Recent local and town elections in France gave the French a chance to show their views and opinions on President Hollande and the Socialist government in France, formerly led by Prime Minister Jean Marc Ayrault.
The result was unsurprising. President Hollande currently enjoys very low approval ratings and support from the French, and is extremely unpopular. Indeed, many in France remember fondly the days of Nicolas Sarkozy, who was never the most popular of French leaders himself.
The results were quite telling, and will give the political commentators and political parties much to think about. Many Socialist towns fell to other parties- in particular the right wing Union pour un Movemement Populaire (UMP). Amidst the cities and towns captured by the UMP were key areas such as Toulouse, Quimper, Limoges, Saint- Etienne, Reims, Toulouse and several districts in Marseilles. Paris remained in Socialist control; but Paris is a case apart, similar to London. Indeed, while London has the colourful Boris Johnson as its Mayor, Paris will now see its first female Mayor in Socialist Anne Hildago.
The biggest winner overall, though, was the Front National (National Front, or FN). Although not a numerical victory- that clearly went to the UMP- the FN won a decisive victory in other ways. For a party who is to France what the United Kingdom Independence Party (UKIP; a right wing political group) is to the UK, to suddenly win local towns shows just how powerful and influential they have become, and that the FN is now a front line force in French politics. The scattered nature of the 14 FN controlled towns, from Henin- Beaumont in the north, Beziers in the southwest and Frejus on the Riviera, shows just how varied the FN’s supporters are, and how their supporters cross demographics.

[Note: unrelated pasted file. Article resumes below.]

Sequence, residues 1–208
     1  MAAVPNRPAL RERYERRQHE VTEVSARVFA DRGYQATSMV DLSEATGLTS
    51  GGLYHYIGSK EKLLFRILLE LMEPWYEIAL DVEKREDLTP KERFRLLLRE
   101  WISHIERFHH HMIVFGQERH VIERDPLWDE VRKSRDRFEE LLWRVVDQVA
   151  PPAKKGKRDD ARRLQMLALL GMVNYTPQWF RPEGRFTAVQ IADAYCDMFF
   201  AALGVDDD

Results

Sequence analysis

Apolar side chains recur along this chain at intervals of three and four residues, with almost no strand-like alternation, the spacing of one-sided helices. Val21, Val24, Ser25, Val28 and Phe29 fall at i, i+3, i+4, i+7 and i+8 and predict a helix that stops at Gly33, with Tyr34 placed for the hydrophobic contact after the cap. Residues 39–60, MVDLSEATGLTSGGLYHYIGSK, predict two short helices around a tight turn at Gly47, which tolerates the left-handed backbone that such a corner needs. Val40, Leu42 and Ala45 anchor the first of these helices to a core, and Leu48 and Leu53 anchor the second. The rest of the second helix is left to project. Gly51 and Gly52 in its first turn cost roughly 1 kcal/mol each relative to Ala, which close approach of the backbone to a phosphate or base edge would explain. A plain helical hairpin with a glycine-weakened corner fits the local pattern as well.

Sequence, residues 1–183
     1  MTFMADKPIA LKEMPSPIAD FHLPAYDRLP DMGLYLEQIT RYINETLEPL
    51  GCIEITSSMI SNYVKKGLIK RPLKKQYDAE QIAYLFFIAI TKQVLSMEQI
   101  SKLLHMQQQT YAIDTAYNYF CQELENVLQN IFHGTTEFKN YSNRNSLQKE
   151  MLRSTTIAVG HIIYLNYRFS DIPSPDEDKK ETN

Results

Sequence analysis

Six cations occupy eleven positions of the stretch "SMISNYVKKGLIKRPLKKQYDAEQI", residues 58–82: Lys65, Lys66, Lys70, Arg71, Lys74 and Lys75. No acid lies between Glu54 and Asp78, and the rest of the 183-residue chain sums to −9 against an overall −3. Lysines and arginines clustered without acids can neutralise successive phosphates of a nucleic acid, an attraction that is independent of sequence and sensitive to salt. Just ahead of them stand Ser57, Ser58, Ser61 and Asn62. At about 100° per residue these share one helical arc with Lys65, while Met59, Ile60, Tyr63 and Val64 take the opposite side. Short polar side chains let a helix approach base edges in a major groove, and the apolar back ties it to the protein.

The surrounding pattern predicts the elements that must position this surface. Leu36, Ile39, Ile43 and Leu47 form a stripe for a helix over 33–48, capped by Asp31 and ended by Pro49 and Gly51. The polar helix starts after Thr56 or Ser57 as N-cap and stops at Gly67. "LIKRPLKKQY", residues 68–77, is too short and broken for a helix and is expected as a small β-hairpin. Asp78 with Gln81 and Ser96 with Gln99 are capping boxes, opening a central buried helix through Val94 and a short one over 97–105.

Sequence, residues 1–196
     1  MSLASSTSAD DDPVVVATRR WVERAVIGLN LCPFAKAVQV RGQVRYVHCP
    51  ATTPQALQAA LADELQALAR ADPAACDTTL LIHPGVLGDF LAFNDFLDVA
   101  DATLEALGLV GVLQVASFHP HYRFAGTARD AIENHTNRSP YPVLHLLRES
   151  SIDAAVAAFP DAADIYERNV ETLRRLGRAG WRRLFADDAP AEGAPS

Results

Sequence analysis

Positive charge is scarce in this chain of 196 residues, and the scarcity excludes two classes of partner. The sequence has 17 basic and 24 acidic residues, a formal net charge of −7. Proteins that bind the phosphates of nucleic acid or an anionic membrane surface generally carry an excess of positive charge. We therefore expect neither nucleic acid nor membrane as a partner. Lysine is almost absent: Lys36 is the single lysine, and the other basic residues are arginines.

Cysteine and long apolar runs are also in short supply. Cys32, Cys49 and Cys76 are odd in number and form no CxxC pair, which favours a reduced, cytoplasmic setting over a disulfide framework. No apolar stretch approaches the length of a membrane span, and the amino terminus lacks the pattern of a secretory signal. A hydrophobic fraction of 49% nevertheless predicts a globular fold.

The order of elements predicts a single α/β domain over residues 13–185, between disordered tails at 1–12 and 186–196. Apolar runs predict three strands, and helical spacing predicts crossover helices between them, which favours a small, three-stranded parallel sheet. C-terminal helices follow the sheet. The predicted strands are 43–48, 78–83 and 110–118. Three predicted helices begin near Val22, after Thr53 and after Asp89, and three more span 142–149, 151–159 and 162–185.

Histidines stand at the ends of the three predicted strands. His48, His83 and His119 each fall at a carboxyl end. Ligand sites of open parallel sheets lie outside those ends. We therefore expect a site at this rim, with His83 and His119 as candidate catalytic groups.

Led since 2011 by Marine le Pin, carrying on her father Jean Marie le Pin’s political legacy, the FN is strictly protectionist and right wing. Amidst their stated manifesto goals is a zero tolerance approach to law and order and increased economic protectionism. Among their ambitions and goals is to tackle and address rising immigration numbers in France; this is a goal shared by UKIP in the UK. The Front National is very much the greatest political force when it comes to right wing French nationalism.
It is the matter of the FN’s immigration policies that cause human rights concerns. Like many right wing or nationalist parties across Europe, the FN is critical of the amount of foreigners arriving in France each year, both legally and illegally. If not totally anti-immigration, many of the FN’s policies are against immigration, or concerned with controlling immigration closely, and actively reducing the numbers of immigrants and asylum seekers to France. The same can also be said of UKIP’s policies regarding immigration here in the UK.
In immigration and human rights arenas, questions are being asked as regards France’s treatment of asylum seekers. The spotlight is slowly being brought to bear on existing French immigration policies and procedures.